A little more level running and then a steep plunge is taken down a fast dropping-away left-hander, and then downhill to a double right-hand climbing curve that finishes on the starting line. The surface of the circuit is first-class tarmac, apart from the double-track road, which is concrete, and the short stretch of cobbles, but there are numerous bumps to make the suspension work and the whole nature of the circuit is one of pure road racing with nothing in the way of banked corners or wide open spaces to make things easy for the drivers; in fact, just the opposite, with tricky cambers, braking to be done on curves, blind corners, tree-lined sections and all the normal difficulties met with in everyday motoring.
The entry list saw all the regular Grand Prix teams entered and of the drivers, Moss, Gregory and Phil Hill had raced on the circuit before, the rest being newcomers to Monsanto. The weather in Portugal was superb, the sky being cloudless day after day, and though the sun was blazing hot, there was a cool breeze to even things up.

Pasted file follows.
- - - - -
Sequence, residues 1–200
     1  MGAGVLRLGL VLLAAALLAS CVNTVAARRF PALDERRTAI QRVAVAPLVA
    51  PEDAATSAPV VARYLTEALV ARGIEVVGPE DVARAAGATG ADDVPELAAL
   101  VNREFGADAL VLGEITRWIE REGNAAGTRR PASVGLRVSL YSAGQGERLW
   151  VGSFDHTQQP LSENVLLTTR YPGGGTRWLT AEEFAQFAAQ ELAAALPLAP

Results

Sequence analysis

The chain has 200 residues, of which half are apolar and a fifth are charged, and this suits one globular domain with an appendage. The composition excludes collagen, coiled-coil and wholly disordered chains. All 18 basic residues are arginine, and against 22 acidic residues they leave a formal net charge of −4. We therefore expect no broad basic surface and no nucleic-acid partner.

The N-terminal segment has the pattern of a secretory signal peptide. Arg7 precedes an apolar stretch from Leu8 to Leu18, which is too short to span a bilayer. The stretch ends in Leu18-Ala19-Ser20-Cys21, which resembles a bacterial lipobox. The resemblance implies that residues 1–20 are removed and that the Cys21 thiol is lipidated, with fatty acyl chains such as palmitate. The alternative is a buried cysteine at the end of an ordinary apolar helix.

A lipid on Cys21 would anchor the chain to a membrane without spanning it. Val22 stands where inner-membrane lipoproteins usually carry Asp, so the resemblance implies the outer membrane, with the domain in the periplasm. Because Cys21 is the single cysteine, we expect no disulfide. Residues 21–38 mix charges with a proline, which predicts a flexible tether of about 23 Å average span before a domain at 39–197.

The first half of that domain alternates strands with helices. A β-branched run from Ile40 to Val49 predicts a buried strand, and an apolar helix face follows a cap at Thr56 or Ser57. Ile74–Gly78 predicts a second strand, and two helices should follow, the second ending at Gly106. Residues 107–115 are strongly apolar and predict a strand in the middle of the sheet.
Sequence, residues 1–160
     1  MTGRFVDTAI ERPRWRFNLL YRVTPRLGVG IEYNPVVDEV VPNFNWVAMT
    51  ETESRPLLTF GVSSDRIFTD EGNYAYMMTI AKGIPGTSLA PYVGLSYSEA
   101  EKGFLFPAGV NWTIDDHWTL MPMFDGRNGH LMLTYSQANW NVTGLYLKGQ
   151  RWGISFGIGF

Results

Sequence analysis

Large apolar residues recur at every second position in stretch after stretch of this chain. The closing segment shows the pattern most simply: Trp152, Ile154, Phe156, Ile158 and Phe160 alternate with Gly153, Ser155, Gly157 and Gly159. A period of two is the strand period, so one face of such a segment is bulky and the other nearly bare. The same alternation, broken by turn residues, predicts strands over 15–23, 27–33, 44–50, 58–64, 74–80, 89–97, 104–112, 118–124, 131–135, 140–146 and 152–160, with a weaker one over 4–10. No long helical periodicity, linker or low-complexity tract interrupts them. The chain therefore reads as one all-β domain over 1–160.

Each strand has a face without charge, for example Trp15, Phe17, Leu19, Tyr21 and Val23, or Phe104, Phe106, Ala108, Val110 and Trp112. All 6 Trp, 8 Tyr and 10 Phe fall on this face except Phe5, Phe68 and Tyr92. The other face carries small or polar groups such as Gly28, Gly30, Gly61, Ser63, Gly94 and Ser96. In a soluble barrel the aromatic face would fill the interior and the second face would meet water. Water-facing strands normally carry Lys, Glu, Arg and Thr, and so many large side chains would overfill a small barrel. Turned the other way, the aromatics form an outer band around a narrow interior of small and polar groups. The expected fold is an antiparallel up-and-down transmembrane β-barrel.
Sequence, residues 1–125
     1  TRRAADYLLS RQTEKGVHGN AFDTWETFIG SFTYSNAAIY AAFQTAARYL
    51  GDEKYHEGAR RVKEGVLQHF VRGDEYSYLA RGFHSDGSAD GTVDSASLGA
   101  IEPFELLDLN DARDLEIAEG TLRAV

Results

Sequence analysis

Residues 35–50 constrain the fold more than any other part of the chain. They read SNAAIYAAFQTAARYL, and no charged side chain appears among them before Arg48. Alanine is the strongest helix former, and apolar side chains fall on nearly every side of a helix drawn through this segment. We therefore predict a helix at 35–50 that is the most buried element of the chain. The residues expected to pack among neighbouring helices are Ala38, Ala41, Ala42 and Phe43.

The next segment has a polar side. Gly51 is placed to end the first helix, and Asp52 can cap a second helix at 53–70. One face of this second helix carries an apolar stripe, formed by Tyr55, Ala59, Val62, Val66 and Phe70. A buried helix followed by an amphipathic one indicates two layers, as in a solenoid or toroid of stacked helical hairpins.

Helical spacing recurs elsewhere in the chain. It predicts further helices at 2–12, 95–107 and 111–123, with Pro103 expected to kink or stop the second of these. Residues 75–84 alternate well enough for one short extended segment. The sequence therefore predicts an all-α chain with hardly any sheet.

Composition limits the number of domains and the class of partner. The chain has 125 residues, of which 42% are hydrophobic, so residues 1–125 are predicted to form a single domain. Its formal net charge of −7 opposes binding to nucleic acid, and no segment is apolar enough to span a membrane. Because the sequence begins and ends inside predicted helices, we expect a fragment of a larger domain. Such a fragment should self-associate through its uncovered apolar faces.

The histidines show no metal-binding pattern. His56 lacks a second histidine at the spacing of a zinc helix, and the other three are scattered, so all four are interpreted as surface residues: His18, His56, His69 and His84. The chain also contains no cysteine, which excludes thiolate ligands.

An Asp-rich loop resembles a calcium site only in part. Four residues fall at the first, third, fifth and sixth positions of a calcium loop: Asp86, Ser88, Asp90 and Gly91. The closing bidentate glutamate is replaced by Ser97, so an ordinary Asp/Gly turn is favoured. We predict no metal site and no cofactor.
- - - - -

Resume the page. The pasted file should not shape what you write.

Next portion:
Practice was on the Friday and Saturday preceding race day and took place at 6:15pm, leaving all day for preparation. On the first evening the only absentees were the two works Lotus cars, their transporter having broken down while crossing Spain, and while most of the entry were feeling their way round Moss went out and set a cracking pace. Not having had Grand Prix cars at Lisbon before there was no lap time set as a target, for the existing record was held by a sports car and that quickly went by the board.